The General Services Administration will try to sell 52 federal properties, covering 1,057.1 acres, through the rest of the month--the most offerings since the Reagan administration kicked off its land sales program last October.
The properties available range from a valuable 89-acre U.S. Coast Guard transmitter site at Maili, on Oahu Island, Hawaii, to seven separate U.S. Border Station residences in Maine and Vermont that must be removed from their sites. The offerings include:
A 27.7-acre portion of the Chesapeake and Delaware Canal in Cecil County, Md. The bid deadline is June 29. In Virginia, the only offering in June will be a 39.7-acre portion of the John H. Kerr Dam and Reservoir Project in Mecklenburg County. The bid deadline is June 28. Both properties are unimproved and available for rural residential or agricultural uses.
In Jeffersonville, Ind., an old supply depot building on 4.6 acres of land will be sold June 29; in Pittsfield, Mass., a 0.2-acre part of the Naval Industrial Reserve Ordinance Plant will be sold June 22; in Mississippi, a Social Security Administration Trust Fund Building in Gulfport and a 12-acre Federal Aviation Administration property in Jackson will be sold June 24. In Freemansburg, Pa., a former U.S. Marine Corps Reserve Center, including 4.4 acres and two buildings, will be sold June 30. Also on June 30 will be the sale of a valuable GSA supply depot property in Shelby, Ohio. Other urban commercial properties are available in Parkersburg, W.Va., and San Antonio, Tex.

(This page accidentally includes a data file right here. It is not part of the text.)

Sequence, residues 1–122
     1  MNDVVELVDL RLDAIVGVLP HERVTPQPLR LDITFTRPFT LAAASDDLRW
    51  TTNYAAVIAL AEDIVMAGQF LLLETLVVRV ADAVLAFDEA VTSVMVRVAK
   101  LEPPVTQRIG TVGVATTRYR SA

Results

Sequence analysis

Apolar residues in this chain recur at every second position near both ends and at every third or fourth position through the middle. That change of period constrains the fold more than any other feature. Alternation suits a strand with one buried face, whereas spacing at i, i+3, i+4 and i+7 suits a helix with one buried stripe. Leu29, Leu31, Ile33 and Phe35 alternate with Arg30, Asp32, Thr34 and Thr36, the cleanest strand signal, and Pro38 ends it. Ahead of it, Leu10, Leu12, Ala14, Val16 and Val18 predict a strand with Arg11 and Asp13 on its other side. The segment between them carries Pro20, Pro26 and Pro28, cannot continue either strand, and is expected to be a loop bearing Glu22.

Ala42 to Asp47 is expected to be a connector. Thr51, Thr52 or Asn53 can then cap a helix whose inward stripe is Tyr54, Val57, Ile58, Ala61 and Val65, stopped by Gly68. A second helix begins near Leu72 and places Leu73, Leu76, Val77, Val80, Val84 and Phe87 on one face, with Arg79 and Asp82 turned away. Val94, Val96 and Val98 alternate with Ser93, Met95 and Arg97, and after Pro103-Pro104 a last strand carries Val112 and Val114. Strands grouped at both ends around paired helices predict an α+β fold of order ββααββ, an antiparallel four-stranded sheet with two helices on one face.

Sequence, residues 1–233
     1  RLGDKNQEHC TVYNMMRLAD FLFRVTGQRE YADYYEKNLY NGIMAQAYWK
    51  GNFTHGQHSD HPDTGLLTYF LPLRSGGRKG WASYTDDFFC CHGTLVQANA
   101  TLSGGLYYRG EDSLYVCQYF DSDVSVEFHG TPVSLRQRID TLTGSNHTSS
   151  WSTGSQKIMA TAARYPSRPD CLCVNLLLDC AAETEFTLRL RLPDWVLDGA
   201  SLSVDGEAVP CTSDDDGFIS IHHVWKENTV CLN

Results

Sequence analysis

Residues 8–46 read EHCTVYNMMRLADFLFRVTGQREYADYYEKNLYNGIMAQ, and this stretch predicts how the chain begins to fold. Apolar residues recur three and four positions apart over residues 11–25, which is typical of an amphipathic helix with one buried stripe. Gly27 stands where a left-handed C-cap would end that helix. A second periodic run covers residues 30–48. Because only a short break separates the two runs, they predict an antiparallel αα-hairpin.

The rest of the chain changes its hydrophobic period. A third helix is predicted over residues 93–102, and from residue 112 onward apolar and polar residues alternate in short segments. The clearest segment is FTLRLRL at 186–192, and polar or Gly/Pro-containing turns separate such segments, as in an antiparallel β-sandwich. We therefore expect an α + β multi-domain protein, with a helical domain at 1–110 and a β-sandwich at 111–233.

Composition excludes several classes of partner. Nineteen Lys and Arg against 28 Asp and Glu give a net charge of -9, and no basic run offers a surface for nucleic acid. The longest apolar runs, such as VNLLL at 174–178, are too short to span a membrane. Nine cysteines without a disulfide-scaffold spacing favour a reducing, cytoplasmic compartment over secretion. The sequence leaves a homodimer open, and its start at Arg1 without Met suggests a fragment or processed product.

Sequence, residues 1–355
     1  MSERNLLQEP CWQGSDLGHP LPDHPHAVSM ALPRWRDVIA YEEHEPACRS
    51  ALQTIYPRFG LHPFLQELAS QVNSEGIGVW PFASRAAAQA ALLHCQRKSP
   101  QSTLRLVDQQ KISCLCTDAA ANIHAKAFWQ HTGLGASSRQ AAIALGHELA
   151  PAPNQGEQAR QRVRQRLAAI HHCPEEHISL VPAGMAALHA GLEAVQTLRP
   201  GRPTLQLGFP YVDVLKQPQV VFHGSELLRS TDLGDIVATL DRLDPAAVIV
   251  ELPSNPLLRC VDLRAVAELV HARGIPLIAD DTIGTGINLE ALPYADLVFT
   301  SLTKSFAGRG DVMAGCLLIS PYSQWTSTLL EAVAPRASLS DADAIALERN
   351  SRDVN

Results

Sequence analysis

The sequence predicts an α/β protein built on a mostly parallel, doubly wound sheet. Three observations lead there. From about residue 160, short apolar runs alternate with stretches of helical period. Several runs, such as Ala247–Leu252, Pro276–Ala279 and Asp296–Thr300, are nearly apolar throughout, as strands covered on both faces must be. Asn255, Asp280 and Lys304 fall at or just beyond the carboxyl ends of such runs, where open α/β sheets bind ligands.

In Rome, N.Y., the federal government will try to sell aerial cables used in the telephone system for Griffiss Air Force Base. And in Hot Springs National Park, the federal government will try to sell three buildings--but no land.
Through May 13, GSA has sold 154 properties for $46.9 million to the general public. In addition, it has negotiated sales for 23 properties, earning $8.32 million.
GSA has agreed to give New York City 11.4 acres of federal property at Fort Totten in the Queens for a badly needed park. The arrangement also allows the city to buy an additional 32 acres, but the city objects to paying; it wants the land free.
An audit by GSA's inspector general has shown that the government has paid nearly $1 million over the past two years for office space two blocks from the White House that it didn't need. In addition, the auditors estimate that GSA will end up paying $6.12 million more to rent the office space at the Matomic Building, 1717 H St. NW, than it should have because of government-caused delays in negotiating a new lease.
GSA's regional public buildings commissioner, James G. Whitlock, said that, on both points, the "auditors didn't do a good job." Whitlock contends that new laws require GSA to write a contract that provides upgraded fire-safety systems and access for handicapped individuals having business in the federally occupied building. Those costs jacked up the leasing rate.
The agency's public building commissioner, Richard O. Haase, said he is looking into just how much of the increased rental payments would be used for those and other improvements that would benefit the government occupants.
On the primary conclusion, however, GSA officials were left with mouths agape. The audit said $965,965 in rent was paid because GSA space management officials did not properly fill space that they were leasing. The Merit Systems Protection Board moved out a contingent of employes in October 1981 and, although there were no new occupants available at the time, GSA leasing specialists continued to try to rent the entire structure. Only now is it being reoccupied fully.